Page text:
Brian Roraff, temporary U.S. charge d’affaires in Estonia, says in an interview that there will be three dialogues concerning the Ukraine crisis this week that cannot be described as negotiations.
US charge d’affaires: We are not negotiating over Estonia’s head
NBC recently ran a story suggesting that the Biden administration is considering proposing to Russia reduced NATO troop presence in Eastern Europe. What is true and what isn’t?
The Friday story on NBC got a lot of attention. Our security council said on the same day that claims according to which NATO troops in Eastern Europe are somehow in question are simply false.
What is in question?
The crisis in Ukraine. The U.S. saw Russia building up its military presence. They have 140,000 troops stationed at the border with Ukraine. We said that we perceive it as a threat and that we need to talk.
This saw Russia produce two documents and a host of topics: NATO, Eastern Europe and alleged promises from the 1990s that were never made.
There will be three dialogues this week. We are not referring to them as negotiations. The strategic stability dialogue between USA and Russia in Geneva today (Monday – M. S.). There will be a Russia-NATO dialogue on Wednesday and an OSCE discussion involving all states, including Ukraine, on Thursday. A big week for sure. But these are not negotiations, rather, they are conversations to get a feel for how the land lies.
What is the difference between negotiations and just talking?
Negotiations can concern things where we feel a result can be achieved. The U.S. and our allies need to understand whether Russia can be taken seriously, whether they even want to negotiate.
The documents Russia has produced include so many things that we simply cannot accept. We are not basing negotiations on these things.
We want diplomacy, to see whether Russia has legitimate concerns, things where progress can be made, or whether this is just putting on a show to be able to say down the line that we tried, but they weren’t interested.
Secretary of State Anthony Blinken has said that we offer Russia two paths. One is diplomacy, including solving the troop buildup on the Ukrainian border. The second is deterrence and consequences. We have been working with our European allies on significant sanctions should Russia decide to attack Ukraine. Opting out of diplomacy will come with consequences.
A second news story, this time from Agence France-Presse (AFP) on Saturday, suggests the U.S. is willing to negotiate over missile systems and military exercises. While the story has a different angle from NBC, it too suggests USA is willing to give Russia something.
We will not be giving them anything. We were clear when Russia tabled its proposals. Some things are not up for discussion. Firstly, Russia will not be given a veto power over other countries or a promise by NATO not to expand – it is off the table. Every state gets to decide its own foreign policy. Secondly, they want NATO to revert back to the 1990s. This will also not happen. Thirdly, NATO troop presence in Eastern Europe is also not up for discussion.
Do you think NBC and AFP are lying or are they simply ill-informed?
The NBC story was false. They were wrong about there being any negotiation over NATO troop presence in Europe.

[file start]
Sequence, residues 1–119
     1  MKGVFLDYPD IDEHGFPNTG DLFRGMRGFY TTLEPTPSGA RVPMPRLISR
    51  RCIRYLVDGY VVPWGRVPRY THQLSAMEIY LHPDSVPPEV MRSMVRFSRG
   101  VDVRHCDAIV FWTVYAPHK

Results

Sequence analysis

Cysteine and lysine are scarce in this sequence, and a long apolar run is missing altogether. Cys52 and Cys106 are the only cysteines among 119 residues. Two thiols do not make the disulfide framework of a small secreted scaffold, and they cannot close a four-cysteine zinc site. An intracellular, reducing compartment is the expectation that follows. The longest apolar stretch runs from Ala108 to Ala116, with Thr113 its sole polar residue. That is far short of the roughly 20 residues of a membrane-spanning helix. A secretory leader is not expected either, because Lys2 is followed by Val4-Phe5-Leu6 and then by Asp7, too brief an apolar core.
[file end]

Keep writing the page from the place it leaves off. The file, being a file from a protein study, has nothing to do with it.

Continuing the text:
There are a few things that overlap. The Russians have voiced concern over the possibility of missiles in Ukraine. We are willing to discuss the matter because we have said that we have no plans for stationing missile systems in Ukraine. Then there are weapons covered by the Intermediate-Range Nuclear Forces Treaty (INF) that Russia itself violated. We are also willing to talk about these particular missile systems.
Missile systems in Ukraine are one thing but what about missile systems in Estonia or Poland – while there aren’t any presently, would you be willing to negotiate over such things with Russia?
We will not be discussing potential missiles in Estonia or Poland. The fact remains that Russia has developed intermediate-range missiles and is not willing to negotiate their use, while we are. Once they are ready to enter the dialogue, we will see whether there is anything to discuss.
It pays to remember that reciprocity is a key principle of such discussions. It means that we want to talk about Russia’s conduct that is a concern for us. We are also controlling the agenda. We will not just be discussing the things Russia wants to talk about. We have serious concerns about Russia’s invasions of Ukraine and Georgia, their activities in Syria and violation of the INF. Russia brought a long list of things, while we have our own.
The CNN reported that the Friday story suggesting U.S. preparedness to negotiate with Russia over NATO presence in Eastern Europe shocked Baltic diplomats and sent them scrambling to contact American colleagues… Were you approached?
I would refrain from commenting on private diplomatic communication. But we went over things with Estonian politicians when the story was published on Friday. The Estonian government is a great partner. We want to assure Estonia and our other Eastern European partners that we will not be negotiating over your heads or without you. We will not be negotiating over NATO troop presence in Eastern Europe.
Just to confirm – there will be no negotiation over NATO presence in Eastern Europe, troop placement and size, missile systems?
No. We covered missiles. We are interested in talking to determine whether there is anything to be negotiated. Troops and placement will not be on the table. Military training exercises… We will listen to what they have to say. But we have our own concern over Russian drills. This seems like one avenue for dialogue – we do not want to call it negotiations. We want to voice our concerns over Russia’s exercises and listen if they have any concerns of their own. But it falls into the same category as the missiles. A two-way street, reciprocity.